Not that she is just some civilian documentarian, she is selling the photos on an art black market. Her trips into the city bring her into contact with many dangers, and in the course of the book we are also privy to a great many mysteries. Such as, what happened in North Korea at the exact same time as the incident? Why doesn't Lexa ever talk? What's up with Lexa's weird doll Vespertine? And biggest of all, what was the cause of the incident? All of these questions drive a well plotted introduction to this world, and happily (for those wanting a sequel) almost none of them are resolved.

This book is a fantastic introduction to this fictional world. The artwork, as you can see from the preview, is appropriately energetic and creepy. The characters are well defined, and what we do learn is just enough to want me to keep reading on. I loved the level of action and plot twists here, and I cannot wait to get my hands on Book 2.

This book is a collaboration between author Scott Westerfeld and artist Alex Puvilland. Westerfeld is an accomplished novelist with multiple credits for adults and younger adults, with The Uglies series being his most notable works. Puvilland is an animator and illustrator who has worked on feature films like Shrek 2 and Boss Baby as well as illustrating a graphic novel version of Prince of Persia. Both creators discuss their work on this series in this interview.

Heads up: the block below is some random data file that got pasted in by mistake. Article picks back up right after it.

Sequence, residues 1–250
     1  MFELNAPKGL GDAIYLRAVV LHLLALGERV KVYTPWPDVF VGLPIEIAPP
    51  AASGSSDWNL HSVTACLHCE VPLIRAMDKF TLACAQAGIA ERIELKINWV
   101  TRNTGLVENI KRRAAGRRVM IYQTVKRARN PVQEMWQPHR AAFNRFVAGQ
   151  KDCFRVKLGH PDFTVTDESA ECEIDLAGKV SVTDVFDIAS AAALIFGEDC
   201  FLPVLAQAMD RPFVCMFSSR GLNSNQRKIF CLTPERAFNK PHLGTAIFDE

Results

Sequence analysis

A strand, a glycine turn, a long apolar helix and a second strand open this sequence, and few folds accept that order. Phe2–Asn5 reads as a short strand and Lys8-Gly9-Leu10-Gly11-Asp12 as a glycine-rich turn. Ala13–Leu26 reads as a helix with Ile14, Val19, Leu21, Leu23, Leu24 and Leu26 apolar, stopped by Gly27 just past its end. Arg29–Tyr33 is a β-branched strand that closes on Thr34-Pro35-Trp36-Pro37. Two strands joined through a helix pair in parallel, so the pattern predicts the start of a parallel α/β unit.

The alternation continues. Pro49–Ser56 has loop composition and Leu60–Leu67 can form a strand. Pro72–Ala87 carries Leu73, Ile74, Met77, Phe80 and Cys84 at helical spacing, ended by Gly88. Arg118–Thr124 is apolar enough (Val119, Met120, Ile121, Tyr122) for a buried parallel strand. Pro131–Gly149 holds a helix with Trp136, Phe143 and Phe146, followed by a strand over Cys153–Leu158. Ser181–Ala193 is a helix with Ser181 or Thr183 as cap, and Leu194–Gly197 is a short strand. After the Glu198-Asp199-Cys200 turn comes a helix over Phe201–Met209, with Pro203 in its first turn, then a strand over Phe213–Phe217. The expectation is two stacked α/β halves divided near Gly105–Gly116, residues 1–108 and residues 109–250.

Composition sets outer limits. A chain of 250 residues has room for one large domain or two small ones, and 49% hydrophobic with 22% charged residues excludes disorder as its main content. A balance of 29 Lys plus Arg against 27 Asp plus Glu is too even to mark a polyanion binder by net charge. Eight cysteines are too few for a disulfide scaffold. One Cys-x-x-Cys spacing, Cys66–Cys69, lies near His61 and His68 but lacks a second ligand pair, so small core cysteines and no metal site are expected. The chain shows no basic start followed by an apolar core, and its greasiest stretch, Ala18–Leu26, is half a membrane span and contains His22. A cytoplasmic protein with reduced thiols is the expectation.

All of the reviews I have read of this book have been glowing. In a starred review, Publishers Weekly called it "fascinating and hard to forget." Kirkus Reviews wrote that "readers will be demanding the next installment as they close this one," and summed it up, "A necessary start, with intriguing hints at action and weirdness to come." In another starred review in School Library Journal Matisse Mozer wrote, "This unnerving, gripping title—Westerfeld’s first original graphic novel—is bound to entice older comics fans, especially those interested in darker sci-fi and nuanced characterization."